Seshadri, Swarooph (2011-08). Optimization of Air Conditioning Cycling. Master's Thesis.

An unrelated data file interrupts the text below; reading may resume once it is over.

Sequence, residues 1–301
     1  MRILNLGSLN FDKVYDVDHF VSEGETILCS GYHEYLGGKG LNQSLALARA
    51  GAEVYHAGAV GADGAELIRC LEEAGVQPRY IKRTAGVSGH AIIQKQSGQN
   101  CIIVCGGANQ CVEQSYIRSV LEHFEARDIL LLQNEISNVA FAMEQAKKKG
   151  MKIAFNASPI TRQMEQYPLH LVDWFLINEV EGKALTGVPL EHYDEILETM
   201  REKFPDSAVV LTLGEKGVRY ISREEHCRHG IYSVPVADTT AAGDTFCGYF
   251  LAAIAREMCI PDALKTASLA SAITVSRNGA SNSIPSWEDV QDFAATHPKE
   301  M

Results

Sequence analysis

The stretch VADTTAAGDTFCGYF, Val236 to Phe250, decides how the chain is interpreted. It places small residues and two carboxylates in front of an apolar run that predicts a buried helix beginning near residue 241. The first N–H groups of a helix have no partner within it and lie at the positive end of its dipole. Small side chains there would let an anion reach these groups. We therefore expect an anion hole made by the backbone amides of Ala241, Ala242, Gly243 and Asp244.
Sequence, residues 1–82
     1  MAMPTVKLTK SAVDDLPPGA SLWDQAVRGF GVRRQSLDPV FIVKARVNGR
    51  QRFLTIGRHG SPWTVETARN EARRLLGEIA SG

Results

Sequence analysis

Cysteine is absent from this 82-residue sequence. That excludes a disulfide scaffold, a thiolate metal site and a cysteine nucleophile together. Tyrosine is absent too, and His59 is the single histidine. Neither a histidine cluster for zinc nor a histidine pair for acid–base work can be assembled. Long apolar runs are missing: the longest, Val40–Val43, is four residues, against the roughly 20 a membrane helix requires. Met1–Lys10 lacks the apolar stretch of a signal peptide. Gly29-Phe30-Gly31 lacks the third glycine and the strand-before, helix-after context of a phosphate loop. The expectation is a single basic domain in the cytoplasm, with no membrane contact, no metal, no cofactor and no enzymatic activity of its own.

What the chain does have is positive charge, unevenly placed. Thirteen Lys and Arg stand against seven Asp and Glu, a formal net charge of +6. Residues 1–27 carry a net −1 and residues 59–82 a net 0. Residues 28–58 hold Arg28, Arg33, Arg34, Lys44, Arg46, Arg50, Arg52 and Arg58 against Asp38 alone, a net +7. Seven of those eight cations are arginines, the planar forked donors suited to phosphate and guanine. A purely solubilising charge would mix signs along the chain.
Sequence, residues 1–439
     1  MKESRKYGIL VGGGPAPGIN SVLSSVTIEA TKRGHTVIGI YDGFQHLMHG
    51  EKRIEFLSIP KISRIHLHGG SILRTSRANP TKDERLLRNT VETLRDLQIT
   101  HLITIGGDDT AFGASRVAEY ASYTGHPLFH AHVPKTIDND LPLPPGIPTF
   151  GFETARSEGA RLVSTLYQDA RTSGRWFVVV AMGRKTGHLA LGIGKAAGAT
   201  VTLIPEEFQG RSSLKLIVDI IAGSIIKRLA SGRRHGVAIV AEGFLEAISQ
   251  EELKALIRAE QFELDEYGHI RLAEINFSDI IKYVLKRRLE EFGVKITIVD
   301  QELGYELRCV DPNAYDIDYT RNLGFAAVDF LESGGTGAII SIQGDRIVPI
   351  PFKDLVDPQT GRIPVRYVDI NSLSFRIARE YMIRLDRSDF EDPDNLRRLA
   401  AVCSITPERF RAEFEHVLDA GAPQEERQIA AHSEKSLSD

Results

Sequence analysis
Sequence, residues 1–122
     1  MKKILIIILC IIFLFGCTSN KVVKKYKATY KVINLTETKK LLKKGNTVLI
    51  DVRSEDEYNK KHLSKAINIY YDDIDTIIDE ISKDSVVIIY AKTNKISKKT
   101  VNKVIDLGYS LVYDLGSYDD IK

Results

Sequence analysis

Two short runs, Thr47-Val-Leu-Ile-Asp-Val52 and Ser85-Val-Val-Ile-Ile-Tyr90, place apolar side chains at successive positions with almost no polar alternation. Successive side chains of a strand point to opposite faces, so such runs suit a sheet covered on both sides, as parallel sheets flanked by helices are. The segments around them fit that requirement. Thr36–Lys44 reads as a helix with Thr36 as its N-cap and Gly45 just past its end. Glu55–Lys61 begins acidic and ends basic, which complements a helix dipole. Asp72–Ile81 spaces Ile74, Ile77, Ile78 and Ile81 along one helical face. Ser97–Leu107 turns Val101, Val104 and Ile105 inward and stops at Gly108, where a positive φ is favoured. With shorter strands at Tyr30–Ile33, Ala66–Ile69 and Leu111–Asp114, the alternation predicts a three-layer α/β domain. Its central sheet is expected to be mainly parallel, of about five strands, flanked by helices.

Systems based on the vapor compression cycle are the most widely used in a variety of air conditioning applications. Despite the vast growth of modern control systems in the field of air conditioning systems, industry standard control is still thermostat based on-off control, in other words cycle control. This thesis proposes an approach to find the optimal profiles for the expansion valve and the evaporator fan for an air conditioning system for a given period of on-off cycle of the compressor. The research will consist of two phases, the development of a simulation model and an experimental analysis. In this thesis, the profiles for the expansion valve and the evaporator fan are parameterized by an S-curve equation so that the optimization problem will have less numbers of parameters. The first step is a simulation model that predicts startup/shutdown characteristics. This model is used as a tool to understand the effect that the S-curve parameters has on the system cycle efficiency. Several key vapor compression system dynamics are identified as causes for increasing/decreasing system's cyclic efficiency. Refrigerant migration and fan delay at shutdown are determined as crucial issues that have an effect on the A direct search optimization algorithm, namely the simplex search algorithm, is then used to search for the optimal S-curve parameters. Valve/fan strategies that ultimately resulted in a better superheat control are assessed as the most energy efficient. Extensive experimental tests conducted on a 3-ton residential air conditioner are then presented to intuitively understand the effect of expansion valve and evaporator fan cycling in a real system. A real time optimization method is explored and the feasibility, recommendations for a successful online method are proposed. The heuristics for the expansion valve and evaporator fan profiles from the optimization results could be easily hard coded into any commercial air conditioning system to perform the much preferred cycle control. Thus a significant improvement in the energy performance was observed without the use of any advanced control techniques.